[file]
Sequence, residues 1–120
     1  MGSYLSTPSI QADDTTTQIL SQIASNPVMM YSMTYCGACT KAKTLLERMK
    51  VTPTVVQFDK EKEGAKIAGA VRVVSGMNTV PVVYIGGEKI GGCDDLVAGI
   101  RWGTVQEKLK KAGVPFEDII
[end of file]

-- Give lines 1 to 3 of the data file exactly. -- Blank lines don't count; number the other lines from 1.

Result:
Sequence, residues 1–120
     1  MGSYLSTPSI QADDTTTQIL SQIASNPVMM YSMTYCGACT KAKTLLERMK
    51  VTPTVVQFDK EKEGAKIAGA VRVVSGMNTV PVVYIGGEKI GGCDDLVAGI